A Ghost and His Gold by [Robert Eaton Cheadle]

Purchase Links

Amazon  

Lulu

My Review

This is the first historical fiction by Roberta Eaton Cheadle I’ve read. It’s presented in a double timeline of one which is in 2019 with Tom and Michelle just moved into a new townhome in Irene, South Africa; and the other is between 1895 to 1902, where the three ghosts Pieter, his daughter Estella, and a British soldier Robert came from during the Second Anglo Boers War in South Africa. The chapters are intertwined with Michelle’s telling the current story, and the three ghosts tell their separate stories.

Cheadle has done extensive research of the history in this period and covers many details by dates. The stories are character-based events through their lives, interactions, and dialogue.

At the onset of the story, Michelle described her experience in the new house as seeing shadows of people who were not there. On the night of the housewarming party, Michelle entertained several friends with her gourmet cooking and tasteful home decoration. Because of playing the Ouija Board game, a ghost appeared as a spirit who moved the hands of the players to spell his name as Pieter and said that he was from that house. In the following weeks, Michelle saw and heard of two other Ghosts, Robert and Estelle. These three ghosts were lingering for over one hundred years.

Michelle wanted to write a book about the Second Anglo Boers War. She went to the library to do some research and asked about Pieter. The librarian, who was a historian, told her that Pieter knew Khakis was approaching, and he needed to leave town. Paul Kruger gave him 30,000 gold Kruger coins for his safekeeping, and he buried the gold somewhere on his farm at the location of Michelle’s home. The librarian recommended some books for her reading.

All three ghosts wanted Michelle’s attention. Pieter wanted his story told for a century, but nobody could hear him except Michelle. He told his story about the war, his injury, his given the gold Kruger coins to rehabilitate the citizens when the war was over. Robert left his diary written a century ago on her pillow, with the entries about how the British propaganda deceived the young soldiers to fight the war and that he admired the Afrikaans’ courage. Estelle intruded into her dream, screamed at her, but revealed that she was raped by a soldier and her stepmother was ashamed of her. Somehow Estelle was mad at her husband Tom and assaulted him. In the meantime, Michelle must deal with Tom’s alcoholism, which turned into something he used to mask his guilt in the past.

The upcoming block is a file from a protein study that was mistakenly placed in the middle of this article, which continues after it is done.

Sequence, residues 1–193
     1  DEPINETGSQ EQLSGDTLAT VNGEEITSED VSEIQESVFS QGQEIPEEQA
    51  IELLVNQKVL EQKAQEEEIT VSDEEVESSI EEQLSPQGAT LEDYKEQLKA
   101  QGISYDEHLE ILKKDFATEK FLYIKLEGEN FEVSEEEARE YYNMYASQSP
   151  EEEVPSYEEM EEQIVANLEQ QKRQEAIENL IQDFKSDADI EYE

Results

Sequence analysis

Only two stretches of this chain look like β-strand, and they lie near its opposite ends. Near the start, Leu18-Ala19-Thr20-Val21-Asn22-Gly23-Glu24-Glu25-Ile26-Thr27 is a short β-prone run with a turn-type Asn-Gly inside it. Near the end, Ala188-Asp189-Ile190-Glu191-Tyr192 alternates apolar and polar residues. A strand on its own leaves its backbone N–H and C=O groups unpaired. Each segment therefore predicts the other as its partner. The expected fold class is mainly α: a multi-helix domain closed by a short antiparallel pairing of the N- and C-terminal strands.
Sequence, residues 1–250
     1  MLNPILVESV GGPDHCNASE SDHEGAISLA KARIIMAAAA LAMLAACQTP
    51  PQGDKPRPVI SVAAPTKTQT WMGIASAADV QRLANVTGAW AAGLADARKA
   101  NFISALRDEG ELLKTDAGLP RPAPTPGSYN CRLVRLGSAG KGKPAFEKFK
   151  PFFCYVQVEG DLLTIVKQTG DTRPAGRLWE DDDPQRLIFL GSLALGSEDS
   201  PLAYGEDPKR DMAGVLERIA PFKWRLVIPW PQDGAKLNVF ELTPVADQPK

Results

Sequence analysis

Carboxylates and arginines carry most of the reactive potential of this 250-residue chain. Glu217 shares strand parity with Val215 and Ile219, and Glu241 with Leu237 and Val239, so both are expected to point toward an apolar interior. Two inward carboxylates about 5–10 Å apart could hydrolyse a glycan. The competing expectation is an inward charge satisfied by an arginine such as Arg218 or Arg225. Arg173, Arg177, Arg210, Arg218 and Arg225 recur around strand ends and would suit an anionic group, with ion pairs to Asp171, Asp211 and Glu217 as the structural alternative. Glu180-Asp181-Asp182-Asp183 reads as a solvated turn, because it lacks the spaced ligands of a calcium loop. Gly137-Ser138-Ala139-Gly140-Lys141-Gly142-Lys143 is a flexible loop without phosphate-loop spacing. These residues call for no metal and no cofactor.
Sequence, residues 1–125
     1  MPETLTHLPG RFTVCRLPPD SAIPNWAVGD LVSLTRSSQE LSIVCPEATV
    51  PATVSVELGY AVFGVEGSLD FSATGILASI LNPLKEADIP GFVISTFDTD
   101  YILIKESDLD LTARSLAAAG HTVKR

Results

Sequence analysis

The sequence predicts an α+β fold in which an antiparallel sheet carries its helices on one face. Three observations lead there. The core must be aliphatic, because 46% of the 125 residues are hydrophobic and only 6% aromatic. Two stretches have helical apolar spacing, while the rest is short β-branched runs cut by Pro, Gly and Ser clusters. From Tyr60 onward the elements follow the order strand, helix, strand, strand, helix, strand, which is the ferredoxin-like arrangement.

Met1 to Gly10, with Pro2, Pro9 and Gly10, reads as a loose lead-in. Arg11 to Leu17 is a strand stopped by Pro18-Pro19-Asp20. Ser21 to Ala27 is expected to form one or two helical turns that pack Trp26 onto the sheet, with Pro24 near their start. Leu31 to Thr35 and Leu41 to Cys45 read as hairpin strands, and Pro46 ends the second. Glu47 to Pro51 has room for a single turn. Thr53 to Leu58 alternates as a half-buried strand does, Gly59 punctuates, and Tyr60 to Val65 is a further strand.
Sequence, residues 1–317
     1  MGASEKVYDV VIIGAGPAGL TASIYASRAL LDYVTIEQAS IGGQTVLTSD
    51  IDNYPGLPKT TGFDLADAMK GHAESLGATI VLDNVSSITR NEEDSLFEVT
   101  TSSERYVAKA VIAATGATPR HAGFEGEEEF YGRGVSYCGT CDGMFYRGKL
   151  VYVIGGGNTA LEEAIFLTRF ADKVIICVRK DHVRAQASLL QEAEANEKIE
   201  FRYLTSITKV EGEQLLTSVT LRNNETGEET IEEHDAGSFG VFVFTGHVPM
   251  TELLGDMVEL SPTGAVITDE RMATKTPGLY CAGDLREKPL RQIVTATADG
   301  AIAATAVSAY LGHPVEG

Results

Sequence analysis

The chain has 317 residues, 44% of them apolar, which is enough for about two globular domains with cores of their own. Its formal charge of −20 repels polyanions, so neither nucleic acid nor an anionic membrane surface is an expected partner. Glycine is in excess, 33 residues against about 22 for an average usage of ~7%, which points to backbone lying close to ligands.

I thought all these three ghosts have something to do with the gold. The surprising ending reveals how the past of the three ghosts crossed and the reasons they lingered or were trapped on earth without being able to move on to the afterlife. This is an enjoyable reading.

Ratings: Amazon Goodreads

About Roberta Eaton Cheadle

I am a South African writer specializing in historical, paranormal and horror novels and short stories. I am an avid reader in these genres and my writing has been influenced by famous authors including Bram Stoker, the Bronte sisters, Amor Towles, Stephen Crane, Enrich Maria Remarque, George Orwell, Stephen King, and Colleen McCullough. 

I was educated at the University of South Africa where I achieved a Bachelor of Accounting Science in 1996 and a Honors Bachelor of Accounting Science in 1997. I was admitted as a member of The South African Institute of Chartered Accountants in 2000. 

I have worked in corporate finance from 2001 until the present date and have written seven publications relating to investing in Africa. I have won several awards over my twenty-year career in the category of Transactional Support Services.

I have been published a number of anthologies and have two published YA books, While the Bombs Fell and Through the Nethergate. I have recently published my first adult novel called A Ghost and His Gold which is partly set in South Africa during the Second Anglo Boer War.

Find Roberta Eaton Cheadle

Blog: https://wordpress.com/view/robertawrites235681907.wordpress.com

Amazon: https://www.amazon.com/Roberta-Eaton-Cheadle/e/B08RSNJQZ5

Goodreads: https://www.goodreads.com/author/show/15584446.Robbie_Cheadle

Twitter: https://twitter.com/RobertaEaton17

Facebook: https://www.facebook.com/robertawrites

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Thank you for your visit. Roberta and I welcome your generous comment.